He left as I tried various configurations for hauling the canoe. I could put the wheels far back on the boat and bungee the front down to the bike rack, but it was hardly possible to keep this stable enough in turns; the boat wanted to jump out of its cradle. Balancing the load over centered wheels seemed to be most stable for the canoe. After all, this is how I got it down from my house to the river in the first place. But this was alwaysa bit tricky in the joint to the bicycle. The boat wanted to heave up or down as I started and stopped, or escape to the right or left on turns. When the bike went down bungees would come undone and need to be reconstructed to continue.
A smooth-faced man came by, his construction vest brightly visible over his four-wheeler. He seemed quite impressed with my trip thus far, and thought he might be able to find something that would work as a hitch at his workplace. He would certainly come back and check on my progress in any case. "See you!" he said before driving off.
"See you later!" I said.
I found a forked branch on the ground and thought I might be able to screw it into the deck of the canoe, and secure bungees or ropes across the fork to secure it to the seatpost. My screws weren't long enough and the thing tore out of the deck with little applied force.
Some kids came by on mopeds, driving around the park in circles. I thought this was just their version of staring at strangers, learned from their grandfathers in the trucks on the hill, so I ignored them.
The curmudgeon came back and was not impressed by what I was doing. He started throwing things out of his truck that he was sure would help me. A huge rusty C-clamp, a giant vise-grip, heavy metal bolts, a fence post, a 1x6 board. As he dropped things into and beside the canoe I could just imagine this thing growing massive without bound, until its inertia prevented me from getting started on even the flattest ground.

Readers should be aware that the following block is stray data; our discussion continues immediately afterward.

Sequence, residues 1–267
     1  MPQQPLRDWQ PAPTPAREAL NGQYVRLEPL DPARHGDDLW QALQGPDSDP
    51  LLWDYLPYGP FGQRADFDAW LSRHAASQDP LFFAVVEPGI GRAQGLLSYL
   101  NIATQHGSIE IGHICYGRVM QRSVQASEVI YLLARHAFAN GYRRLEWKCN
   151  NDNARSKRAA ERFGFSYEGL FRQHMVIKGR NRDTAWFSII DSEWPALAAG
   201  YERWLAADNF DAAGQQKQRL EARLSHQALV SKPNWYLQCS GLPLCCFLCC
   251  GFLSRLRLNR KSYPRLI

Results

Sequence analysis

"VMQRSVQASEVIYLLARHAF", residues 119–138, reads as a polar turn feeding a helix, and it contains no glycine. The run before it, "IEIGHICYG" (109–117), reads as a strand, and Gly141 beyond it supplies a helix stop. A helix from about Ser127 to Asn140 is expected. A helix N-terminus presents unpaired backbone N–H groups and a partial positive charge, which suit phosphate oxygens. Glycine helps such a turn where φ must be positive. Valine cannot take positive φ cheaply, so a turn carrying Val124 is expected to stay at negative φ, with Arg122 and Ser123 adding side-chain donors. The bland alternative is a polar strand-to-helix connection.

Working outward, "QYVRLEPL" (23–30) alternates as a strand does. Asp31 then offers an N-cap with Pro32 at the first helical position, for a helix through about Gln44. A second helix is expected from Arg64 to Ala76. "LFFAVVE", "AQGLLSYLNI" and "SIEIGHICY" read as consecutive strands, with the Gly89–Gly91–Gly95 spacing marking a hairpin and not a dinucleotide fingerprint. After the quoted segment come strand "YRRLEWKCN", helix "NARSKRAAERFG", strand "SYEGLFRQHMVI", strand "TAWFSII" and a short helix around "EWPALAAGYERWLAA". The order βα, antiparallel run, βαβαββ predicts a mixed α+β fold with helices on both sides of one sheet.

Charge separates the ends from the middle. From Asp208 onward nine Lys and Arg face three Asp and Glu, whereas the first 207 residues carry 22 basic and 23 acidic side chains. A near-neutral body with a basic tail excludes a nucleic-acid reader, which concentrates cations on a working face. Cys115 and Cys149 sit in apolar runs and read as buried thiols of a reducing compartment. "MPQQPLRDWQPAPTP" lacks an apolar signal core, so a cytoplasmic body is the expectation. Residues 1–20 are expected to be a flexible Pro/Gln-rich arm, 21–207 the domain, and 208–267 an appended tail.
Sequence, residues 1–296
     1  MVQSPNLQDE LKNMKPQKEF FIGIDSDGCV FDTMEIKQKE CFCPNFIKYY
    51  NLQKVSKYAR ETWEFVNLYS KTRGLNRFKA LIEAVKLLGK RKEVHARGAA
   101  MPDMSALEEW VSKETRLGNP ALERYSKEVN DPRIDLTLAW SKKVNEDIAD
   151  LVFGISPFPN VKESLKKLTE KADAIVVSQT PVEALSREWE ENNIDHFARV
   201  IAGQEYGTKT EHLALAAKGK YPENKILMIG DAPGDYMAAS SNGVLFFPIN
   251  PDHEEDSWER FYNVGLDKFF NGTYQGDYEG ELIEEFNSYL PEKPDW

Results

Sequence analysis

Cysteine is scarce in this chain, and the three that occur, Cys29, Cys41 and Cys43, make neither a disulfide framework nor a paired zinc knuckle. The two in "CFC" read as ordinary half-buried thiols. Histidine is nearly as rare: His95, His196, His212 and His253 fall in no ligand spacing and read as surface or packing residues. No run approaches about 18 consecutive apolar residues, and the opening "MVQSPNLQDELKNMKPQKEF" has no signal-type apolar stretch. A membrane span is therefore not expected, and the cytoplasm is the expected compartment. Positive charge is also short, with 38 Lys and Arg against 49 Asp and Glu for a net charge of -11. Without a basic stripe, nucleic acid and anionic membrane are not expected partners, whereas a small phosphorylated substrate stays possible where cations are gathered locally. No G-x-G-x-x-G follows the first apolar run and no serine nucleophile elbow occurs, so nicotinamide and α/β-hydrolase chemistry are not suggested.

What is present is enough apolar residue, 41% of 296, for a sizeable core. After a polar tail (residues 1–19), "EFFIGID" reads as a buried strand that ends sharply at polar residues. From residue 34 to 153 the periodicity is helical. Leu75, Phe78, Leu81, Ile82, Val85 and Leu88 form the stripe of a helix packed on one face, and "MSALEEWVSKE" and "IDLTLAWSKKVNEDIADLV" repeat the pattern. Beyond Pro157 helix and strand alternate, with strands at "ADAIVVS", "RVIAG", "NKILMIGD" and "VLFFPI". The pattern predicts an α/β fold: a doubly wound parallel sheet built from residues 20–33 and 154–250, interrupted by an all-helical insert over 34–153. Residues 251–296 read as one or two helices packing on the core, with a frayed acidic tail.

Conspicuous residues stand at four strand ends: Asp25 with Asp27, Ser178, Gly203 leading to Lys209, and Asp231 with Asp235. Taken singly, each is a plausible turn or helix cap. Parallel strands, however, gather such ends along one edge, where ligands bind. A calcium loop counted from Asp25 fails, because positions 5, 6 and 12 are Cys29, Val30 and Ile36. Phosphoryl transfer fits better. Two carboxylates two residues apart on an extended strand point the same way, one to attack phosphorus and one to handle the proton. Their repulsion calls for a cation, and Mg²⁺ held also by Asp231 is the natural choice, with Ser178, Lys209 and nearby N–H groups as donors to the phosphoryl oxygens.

He noticed the kids, and yelled "Get off the grass!" He got out his camera to take photo evidence of their transgressions of the park. They eventually left after an interval timed to indicate that the curmudgeon was not their boss.
He was a blacksmith, but all his tools were 12 miles away, he said, so there was nothing he could do to build a proper hitch for me. He measured the fence post on the board, and declared it "not long enough", though for no purpose clear to me. He was partly deaf, and in particular deaf to my hints that he might not actually be helping me much.
Finally it was time for him to go home for the night. He was leaving for BC in the morning, to celebrate the Thanksgiving weekend. All day it had been growing overcast and bitterly cold. "Winter is coming, young man!"
He offered his final judgment on my plans, after playing at help all day. "If you ask me, it's a s----y outfit. It's too small!" And then he drove away.
I set up camp in the cold, dark "Scratching River Campground." It was a waste of another day.
Day 109 ended: 49*21.138N, 097*21.053W